“The main problem is unfairness, and that people’s basic rights cannot be assured, such as land rights, property rights, food security and environmental safety. I don’t know if I am disappointed, and I’m not sure what the result will be if some wise leaders are replaced … The government should strictly implement the laws.”

“The thing most needed in this country is supervision of the Communist Party and an independent legal system, but this seems unlikely in a country with one-party rule, so the rules and regulations lack justice and are in the service of the rulers.”

“The most disappointing thing is corruption. From the government to the ordinary people, everyone here is attached to a code which represents a theory that nothing is real except money.”

“It is not possible to have change or political reform because the leadership is all about extending the leadership. I cannot see hope unless there is more freedom and supervision of the leadership.”

Please note the above are selective quotes from  the article in The Independent, as already cited.[1]

Why am I amused?

For purely personal reasons.

Two anecdotes, from my own time as a trainer with The Thomson Foundation (a UK NGO) over the years, which gave me an unexpected but authentic view of the mind-sets of Chinese media players.

1: Production course, Beijing, 1995

The international media training NGO I worked for finally succeeded in organising a course for central and regional TV producers, to be held in Beijing. It proved to be a fortnight of hilarity, serious work and deep frustration.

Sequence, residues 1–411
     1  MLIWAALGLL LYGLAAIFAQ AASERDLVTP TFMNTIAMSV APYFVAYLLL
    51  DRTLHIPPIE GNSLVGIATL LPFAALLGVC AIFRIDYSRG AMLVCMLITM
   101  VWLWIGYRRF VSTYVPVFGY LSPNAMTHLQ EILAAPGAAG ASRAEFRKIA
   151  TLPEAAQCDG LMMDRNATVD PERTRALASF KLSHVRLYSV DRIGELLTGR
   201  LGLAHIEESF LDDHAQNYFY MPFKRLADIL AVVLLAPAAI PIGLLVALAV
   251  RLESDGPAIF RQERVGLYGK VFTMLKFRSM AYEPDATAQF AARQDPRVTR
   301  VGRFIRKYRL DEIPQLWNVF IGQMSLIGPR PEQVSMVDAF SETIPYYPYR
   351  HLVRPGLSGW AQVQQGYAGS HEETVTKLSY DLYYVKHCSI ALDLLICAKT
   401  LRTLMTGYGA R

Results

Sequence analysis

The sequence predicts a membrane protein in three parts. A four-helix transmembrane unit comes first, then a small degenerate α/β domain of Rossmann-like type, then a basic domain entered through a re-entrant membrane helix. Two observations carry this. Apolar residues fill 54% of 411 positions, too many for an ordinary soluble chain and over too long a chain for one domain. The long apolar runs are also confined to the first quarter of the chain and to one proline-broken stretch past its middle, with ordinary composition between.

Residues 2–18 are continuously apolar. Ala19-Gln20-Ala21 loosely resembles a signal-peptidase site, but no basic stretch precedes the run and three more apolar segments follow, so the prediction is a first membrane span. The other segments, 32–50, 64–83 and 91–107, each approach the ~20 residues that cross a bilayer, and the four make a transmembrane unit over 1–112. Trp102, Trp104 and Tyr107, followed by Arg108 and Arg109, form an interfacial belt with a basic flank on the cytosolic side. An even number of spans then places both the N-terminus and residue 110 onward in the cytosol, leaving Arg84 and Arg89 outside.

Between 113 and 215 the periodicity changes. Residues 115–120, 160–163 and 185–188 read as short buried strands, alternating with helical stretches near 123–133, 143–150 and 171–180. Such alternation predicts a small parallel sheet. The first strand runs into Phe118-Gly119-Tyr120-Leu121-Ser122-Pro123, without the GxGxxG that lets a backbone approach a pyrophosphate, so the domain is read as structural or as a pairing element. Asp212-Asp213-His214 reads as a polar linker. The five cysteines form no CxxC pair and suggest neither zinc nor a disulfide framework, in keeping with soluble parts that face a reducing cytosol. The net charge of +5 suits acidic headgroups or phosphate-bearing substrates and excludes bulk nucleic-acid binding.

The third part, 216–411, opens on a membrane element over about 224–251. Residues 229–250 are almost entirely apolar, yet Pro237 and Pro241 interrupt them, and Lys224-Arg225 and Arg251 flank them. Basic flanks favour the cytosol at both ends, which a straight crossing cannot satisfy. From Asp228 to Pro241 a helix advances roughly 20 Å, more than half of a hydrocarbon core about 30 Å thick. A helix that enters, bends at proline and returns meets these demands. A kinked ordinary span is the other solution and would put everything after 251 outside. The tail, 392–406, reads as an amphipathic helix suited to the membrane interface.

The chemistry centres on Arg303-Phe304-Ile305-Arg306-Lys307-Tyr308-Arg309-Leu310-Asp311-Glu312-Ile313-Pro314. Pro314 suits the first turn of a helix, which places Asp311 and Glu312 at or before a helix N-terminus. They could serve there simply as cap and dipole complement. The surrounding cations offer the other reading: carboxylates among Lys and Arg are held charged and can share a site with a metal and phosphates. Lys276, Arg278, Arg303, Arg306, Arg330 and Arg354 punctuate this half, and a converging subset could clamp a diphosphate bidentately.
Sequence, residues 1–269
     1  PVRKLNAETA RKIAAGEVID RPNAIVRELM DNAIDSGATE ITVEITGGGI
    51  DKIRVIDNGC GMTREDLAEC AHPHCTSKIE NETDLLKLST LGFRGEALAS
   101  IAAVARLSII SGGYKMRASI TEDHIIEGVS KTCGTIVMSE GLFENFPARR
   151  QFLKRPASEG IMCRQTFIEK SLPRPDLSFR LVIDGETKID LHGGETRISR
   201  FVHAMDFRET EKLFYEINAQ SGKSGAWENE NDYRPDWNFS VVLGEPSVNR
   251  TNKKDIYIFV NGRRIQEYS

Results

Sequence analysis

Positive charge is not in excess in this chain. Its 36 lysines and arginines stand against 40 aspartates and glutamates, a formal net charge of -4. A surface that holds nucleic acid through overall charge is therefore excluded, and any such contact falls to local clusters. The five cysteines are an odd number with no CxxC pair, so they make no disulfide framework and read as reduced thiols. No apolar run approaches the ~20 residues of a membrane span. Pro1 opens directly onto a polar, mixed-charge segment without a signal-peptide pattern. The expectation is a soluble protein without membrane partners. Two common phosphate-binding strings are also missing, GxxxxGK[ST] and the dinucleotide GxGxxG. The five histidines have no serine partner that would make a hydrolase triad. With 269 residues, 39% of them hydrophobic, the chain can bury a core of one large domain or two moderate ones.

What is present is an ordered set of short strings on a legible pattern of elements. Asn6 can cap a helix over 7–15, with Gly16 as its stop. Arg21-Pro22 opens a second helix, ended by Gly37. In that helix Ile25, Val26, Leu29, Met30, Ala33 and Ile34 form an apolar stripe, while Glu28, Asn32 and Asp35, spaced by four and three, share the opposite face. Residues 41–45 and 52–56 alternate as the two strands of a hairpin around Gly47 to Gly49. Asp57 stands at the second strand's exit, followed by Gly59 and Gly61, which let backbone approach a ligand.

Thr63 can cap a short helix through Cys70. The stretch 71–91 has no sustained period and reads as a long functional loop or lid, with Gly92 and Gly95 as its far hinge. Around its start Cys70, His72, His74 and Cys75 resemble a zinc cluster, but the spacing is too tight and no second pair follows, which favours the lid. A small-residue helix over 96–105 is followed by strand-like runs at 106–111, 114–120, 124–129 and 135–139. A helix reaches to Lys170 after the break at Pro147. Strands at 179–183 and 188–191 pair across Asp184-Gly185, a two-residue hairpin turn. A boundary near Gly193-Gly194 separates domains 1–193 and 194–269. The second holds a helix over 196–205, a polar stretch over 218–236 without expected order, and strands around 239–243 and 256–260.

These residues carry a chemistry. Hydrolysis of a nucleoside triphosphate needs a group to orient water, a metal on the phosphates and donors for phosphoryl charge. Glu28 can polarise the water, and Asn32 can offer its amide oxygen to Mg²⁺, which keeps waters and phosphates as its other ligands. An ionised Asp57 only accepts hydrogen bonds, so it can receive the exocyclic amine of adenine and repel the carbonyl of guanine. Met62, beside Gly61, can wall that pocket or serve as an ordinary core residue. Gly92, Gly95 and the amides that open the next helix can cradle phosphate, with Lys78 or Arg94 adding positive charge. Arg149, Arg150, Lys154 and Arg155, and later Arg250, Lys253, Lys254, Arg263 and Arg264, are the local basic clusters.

First, the “trainees” went on strike, because they didn’t want to be challenged and asked about what they actually did, followed up by practical exercises as to how they did it; instead, they insisted on “lectures”, so as write down and “understand what to do”, not to be “shown how to do it”. As the rebel leader told us “We want to learn theory, not practice!”

A 36-hour stand-off was eventually resolved (we even threatened to return to UK), and we continued with practical shooting and editing exercises.

Then: permission and authority, and the inability to do the stories “we want”

Without wishing to denigrate the media personnel in attendance, it’s fair to say they were scared shitless of “authority”. They had some lovely ideas: “let’s do an item on Beijing Zoo”, “what about a street market, interviewing the sellers and buyers”, “what does Tiananmen Square really mean to us” (some 2 years after the events there). All ideas they, the participants, proposed, only to come back to us trainers saying “Not possible! ‘They’ won’t give us any permission”.

Well, we managed to get all those three things (and more) done, and the “trainees” were astonished by their own (aided) success.

My personal part was to take on the challenge of filming in Tiananmen Square. I simply took a video camera, commandeered one of our drivers, and told him to drive slowly around the square several times, while I shot out of the rear window, and on the pavement itself. He was terrified!

Ironically, and totally unexpectedly, as well as general shots of the square and the “mausoleum”, I returned with a sequence of shots of a formal 21-gun-salute being given in honour of the visit of the Lithuanian President. The “trainees” were amazed, and aghast. The driver was still shaking. They asked how I “got permission”. I told them it was a public space, so I never thought of asking, as a tourist with a video camera.  Why didn’t they approach it in the same, bold (admittedly more discretionary) manner, in insisting on their (?) rights? But, yes, I could well have been arrested by an earnest, pimple-faced, ideological adolescent twat, in a (compulsory) green uniform.

Similarly, we eventually gained access to the zoo, and to the street market (the best story of all, as it happened).